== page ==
The entire building cost about $150,000 and Fisk says it will be inexpensive to maintain. The cooling will be done by a high-efficiency heat pump that uses the cistern as a heat sink. The heat pump and thermal mass from the earth walls will keep the house warm in the winter. Lighting will come from a 12-volt system of halogen lamps powered by a one kilowatt grid of rooftop photovoltaic panels.

Fisk expects to complete the water catchment and treatment system by the end of the summer. A panoply of pipes will feed rainwater from the roof into three tanks with a total capacity of about 13,790 gallons. The wastewater treatment will be done in a series of small canals containing water-purifying reeds.

For years, Fisk was considered a fringe player in architecture. But now, his concepts are being pursued by a variety of groups. He recently signed a contract with the National Renewable Energy Laboratory to work on industrial building design. Last November, his designs for affordable and sustainable development won two awards from the Mexican government. He is negotiating with the Environmental Protection Agency on a program to define sustainability measurement techniques for green building in the U.S.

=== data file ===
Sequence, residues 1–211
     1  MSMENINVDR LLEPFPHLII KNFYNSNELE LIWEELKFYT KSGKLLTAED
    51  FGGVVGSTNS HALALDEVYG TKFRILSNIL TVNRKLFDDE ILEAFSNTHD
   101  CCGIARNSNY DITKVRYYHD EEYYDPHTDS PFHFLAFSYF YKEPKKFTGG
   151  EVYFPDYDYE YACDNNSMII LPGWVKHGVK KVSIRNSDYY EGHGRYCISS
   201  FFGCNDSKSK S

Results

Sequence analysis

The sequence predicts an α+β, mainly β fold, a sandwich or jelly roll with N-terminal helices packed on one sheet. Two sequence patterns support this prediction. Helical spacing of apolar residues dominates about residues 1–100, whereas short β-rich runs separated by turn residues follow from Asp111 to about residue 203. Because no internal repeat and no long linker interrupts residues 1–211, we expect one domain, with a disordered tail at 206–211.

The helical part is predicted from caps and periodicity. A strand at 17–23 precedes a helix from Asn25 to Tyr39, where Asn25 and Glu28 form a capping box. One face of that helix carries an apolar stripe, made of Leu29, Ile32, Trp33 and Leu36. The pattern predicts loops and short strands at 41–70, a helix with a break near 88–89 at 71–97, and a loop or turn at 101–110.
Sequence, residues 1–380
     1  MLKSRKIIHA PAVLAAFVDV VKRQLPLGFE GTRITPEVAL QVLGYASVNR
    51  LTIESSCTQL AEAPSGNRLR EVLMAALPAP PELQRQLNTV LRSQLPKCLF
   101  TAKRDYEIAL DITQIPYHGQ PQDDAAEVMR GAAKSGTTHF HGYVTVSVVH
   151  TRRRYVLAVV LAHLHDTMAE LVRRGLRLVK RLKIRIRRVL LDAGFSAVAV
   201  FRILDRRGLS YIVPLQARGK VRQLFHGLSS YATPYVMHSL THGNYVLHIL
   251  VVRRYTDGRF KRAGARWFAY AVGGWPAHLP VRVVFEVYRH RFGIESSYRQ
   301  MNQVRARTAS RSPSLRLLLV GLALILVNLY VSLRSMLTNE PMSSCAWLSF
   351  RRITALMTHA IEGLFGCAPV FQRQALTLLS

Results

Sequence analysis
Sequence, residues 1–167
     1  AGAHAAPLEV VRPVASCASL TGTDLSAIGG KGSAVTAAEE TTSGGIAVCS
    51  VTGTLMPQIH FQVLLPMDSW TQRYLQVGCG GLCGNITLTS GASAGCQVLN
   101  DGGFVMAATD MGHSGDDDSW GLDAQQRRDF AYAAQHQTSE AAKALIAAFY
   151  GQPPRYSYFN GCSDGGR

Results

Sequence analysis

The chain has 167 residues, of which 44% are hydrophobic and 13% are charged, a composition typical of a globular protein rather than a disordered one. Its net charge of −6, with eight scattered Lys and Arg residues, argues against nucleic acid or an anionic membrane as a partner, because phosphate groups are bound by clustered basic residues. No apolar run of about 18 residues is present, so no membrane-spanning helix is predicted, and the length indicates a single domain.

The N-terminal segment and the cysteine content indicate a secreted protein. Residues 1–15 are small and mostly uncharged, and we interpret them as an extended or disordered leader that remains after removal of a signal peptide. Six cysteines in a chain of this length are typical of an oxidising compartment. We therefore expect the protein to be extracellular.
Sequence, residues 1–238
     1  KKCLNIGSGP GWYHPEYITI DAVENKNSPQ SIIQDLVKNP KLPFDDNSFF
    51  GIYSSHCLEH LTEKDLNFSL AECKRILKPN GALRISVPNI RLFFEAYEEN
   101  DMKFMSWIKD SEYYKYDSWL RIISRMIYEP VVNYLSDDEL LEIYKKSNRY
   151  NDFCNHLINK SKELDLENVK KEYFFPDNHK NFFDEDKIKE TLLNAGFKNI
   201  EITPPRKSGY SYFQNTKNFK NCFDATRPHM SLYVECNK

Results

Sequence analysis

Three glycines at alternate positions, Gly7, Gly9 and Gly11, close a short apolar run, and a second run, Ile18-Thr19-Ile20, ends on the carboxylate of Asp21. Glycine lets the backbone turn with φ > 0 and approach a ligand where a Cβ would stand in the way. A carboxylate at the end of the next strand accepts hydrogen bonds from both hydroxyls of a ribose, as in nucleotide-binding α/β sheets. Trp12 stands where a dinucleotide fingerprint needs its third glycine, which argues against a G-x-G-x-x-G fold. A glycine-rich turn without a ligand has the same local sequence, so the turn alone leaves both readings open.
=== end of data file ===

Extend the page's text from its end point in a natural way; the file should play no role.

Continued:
"Water is a hot topic. Wastewater is a hot topic. People are looking for alternatives and we are getting cooperation from a number of different levels," Fisk said. "It's not a fluke. It's not so much Max's Pot doing their weird thing. A lot of people are concerned with these issues and that's why they fund us."

Fisk doesn't like to think his building is subversive. Instead he calls it "anticipatory." His goal is to develop a building system that can "accommodate all the changes a building goes through. Houses become law offices. Restaurants become something else. Usually, buildings aren't meant to do that. It takes a great deal of effort to change a building, or you tear them down, which is very wasteful."

Fisk plans to move the Max's Pot office into the new building when it is completed later this year. If you want a tour of the building, Max's Pot usually has an open house on the first Friday of each month at 6:30pm. But be sure to call them at 928-4786 before showing up. n SALAMANDER UPDATE: Since early 1992, the U.S. Fish and Wildlife Service (FWS) has been noodling around with a proposal to list the Barton Springs Salamander as an endangered species. Earlier this year, after endless delays, the agency punted on the decision, kicking the issue back to the State of Texas. And if a recent letter from the Texas Natural Resource Conservation Commission (TNRCC) to the FWS is any indication of the state's intentions, the salamander is as good as dead.